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Sidebands in AM Transmission 
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#19
Feb113, 04:32 PM

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But the easiest way to show how AM produces sidebands is to start with a formula which describes Amplitude Modulating a carrier wave with angular frequency ω_{c} with a cosine modulating signal of frequency ω_{m} does: A =A_{0}Cos(ω_{c}t)(1+Bcos(ω_{m}t)) A_{0} is the mean amplitude of the carrier and B is the Modulation Index  the depth of modulation. This will give you the familiar picture of a carrier amplitude varying in level, as the modulation varies, and around its unmodulated amplitude. (The envelope picture). That expression can be transformed, using the basic multiple angle trig identities into A = A(cos(ω_{c}) + Bcos((ω_{m}+ω_{c})/2 + B((ω_{m}ω_{c})/2) which shows you that the AM signal can be described as a carrier and a pair of sidebands that have up to half the amplitude of the carrier. You don't need to do any Fourier analysis for this  in the simple case, it's just a bit of simple trig. And, if you don't like trig, then steer clear of Fourier  it's harder still. 


#20
Feb113, 05:45 PM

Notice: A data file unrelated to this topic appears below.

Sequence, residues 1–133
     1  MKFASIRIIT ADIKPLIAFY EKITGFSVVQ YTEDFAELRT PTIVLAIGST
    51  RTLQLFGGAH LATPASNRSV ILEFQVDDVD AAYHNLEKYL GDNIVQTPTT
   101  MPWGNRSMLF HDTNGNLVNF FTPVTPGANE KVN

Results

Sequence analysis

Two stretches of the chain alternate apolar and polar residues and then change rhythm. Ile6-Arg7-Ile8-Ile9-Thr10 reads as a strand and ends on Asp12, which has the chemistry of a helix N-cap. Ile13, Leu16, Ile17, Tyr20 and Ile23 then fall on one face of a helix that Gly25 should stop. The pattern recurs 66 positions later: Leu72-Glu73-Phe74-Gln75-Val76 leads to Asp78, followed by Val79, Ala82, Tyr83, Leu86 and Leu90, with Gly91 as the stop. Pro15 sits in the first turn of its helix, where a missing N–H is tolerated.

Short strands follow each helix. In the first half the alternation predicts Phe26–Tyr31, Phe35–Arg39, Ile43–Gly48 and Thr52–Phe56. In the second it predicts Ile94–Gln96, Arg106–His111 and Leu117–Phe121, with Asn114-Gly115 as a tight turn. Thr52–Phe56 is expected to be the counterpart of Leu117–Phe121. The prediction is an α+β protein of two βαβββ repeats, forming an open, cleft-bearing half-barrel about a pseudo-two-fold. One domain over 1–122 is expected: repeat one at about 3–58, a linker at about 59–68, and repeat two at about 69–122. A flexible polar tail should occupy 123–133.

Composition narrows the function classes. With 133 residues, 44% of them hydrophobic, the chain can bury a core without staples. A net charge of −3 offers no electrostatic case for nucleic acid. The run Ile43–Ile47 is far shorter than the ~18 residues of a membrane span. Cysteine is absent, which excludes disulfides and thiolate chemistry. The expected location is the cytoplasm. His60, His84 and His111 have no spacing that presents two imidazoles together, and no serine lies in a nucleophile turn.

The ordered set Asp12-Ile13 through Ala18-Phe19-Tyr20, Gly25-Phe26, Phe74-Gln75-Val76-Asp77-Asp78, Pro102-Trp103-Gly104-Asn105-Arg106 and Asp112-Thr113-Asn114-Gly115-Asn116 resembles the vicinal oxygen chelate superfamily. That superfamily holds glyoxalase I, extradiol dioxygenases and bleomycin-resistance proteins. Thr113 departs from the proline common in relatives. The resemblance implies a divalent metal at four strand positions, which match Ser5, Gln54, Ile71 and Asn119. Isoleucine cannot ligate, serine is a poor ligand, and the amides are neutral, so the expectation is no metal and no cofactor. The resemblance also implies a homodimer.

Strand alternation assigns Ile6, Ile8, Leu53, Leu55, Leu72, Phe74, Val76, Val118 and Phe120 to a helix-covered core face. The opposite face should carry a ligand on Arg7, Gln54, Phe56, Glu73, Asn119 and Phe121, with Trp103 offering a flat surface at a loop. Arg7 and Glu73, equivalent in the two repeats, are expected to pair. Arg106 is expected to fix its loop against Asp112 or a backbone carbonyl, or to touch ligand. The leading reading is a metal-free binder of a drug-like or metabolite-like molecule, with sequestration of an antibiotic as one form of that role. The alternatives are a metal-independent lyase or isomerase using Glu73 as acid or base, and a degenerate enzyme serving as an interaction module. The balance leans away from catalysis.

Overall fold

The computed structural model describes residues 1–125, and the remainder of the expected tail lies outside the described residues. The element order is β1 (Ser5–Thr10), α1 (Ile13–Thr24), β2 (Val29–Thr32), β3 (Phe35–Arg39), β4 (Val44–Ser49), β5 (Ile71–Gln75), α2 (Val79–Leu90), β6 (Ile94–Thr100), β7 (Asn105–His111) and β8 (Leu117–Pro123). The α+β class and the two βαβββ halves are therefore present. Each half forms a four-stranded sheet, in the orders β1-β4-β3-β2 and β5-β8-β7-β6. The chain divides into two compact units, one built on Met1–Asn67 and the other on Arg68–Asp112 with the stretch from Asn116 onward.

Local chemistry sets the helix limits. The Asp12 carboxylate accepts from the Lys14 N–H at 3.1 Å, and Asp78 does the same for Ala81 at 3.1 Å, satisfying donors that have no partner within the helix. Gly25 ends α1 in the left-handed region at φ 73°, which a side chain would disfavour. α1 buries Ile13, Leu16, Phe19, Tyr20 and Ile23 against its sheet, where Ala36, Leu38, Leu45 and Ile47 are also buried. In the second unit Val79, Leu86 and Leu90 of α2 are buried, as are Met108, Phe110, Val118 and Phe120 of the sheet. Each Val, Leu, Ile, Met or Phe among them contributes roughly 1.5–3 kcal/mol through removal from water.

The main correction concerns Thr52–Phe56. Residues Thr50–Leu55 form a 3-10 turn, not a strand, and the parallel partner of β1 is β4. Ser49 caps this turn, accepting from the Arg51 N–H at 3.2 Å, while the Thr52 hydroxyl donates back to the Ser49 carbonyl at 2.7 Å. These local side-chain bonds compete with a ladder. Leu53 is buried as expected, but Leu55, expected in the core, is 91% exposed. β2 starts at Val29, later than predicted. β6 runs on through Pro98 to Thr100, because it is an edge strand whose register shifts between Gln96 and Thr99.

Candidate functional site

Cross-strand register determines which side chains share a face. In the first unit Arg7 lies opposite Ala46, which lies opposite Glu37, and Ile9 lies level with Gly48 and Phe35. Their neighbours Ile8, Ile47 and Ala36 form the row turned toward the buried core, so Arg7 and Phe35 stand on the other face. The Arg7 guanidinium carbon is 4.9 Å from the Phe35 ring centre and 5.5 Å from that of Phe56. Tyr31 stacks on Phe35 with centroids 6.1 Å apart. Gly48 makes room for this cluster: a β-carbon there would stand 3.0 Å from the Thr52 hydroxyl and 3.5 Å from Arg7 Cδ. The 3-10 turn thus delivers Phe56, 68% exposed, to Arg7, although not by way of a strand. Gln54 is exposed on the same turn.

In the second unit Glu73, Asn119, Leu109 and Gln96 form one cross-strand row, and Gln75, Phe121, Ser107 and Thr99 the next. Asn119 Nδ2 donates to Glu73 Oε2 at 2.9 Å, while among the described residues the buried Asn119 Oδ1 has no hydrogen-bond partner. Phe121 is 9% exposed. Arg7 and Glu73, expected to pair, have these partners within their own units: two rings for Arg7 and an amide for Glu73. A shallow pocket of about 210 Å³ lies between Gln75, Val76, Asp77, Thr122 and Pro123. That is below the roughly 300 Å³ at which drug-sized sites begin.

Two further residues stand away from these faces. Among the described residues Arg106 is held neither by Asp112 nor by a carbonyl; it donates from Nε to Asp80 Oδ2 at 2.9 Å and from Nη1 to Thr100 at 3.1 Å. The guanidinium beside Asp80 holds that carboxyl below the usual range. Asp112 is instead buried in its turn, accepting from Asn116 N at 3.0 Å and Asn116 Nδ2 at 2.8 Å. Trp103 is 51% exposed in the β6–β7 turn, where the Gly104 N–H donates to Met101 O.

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My god what have I gotten myself into!? This is why I don't ask questions! I get amazing answers that show me how ignorant I really am! I think I'll take some of the advice I see you give around the forum Sophie. I'll hold off on running until I can walk in this area. (Or in my case, roll over and crawl first)
Thanks guys! I don't quite understand, but I'm definitely better off than I was before. Nsaspook, thanks for the links, they were pretty helpful! 


#21
Feb113, 07:35 PM

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#22
Feb213, 07:48 AM

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It's a bit simplistic to say that our hearing receives the FT. The cochlea does a time varying frequency analysis. Both time and frequency domains are perceived. FT is just a mathematical process relating the two domains yet is often quoted in cases where it just isn't that straightforward. Windowing is very relevant in practice.



#23
Feb213, 10:20 AM

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http://clas.mq.edu.au/perception/psy...ng_theory.html 


#24
Feb213, 04:55 PM

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I think the big problem arises when we attempt to describe what the brain / sensor combination 'actually does' with its input, using the same terms that we use to describe how we would make a recording or perform signal analysis using technology.
The same difficulty arises when describing our visual perception, where the temptation is to think that the cameralike structure of the eye's hardware gives the remotest clue about how we make a conscious model of our surroundings in our heads. I think this thread would be better to stick to the basics of signal processing, where we do have a chance of understanding what goes on. At least the Maths is appropriate and fits the evidence. 


#25
Feb213, 06:43 PM

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#26
Feb313, 06:19 AM

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Actually, I should qualify that a bit. The Cochlea and the interconnections on the retina are examples of just those structures. 


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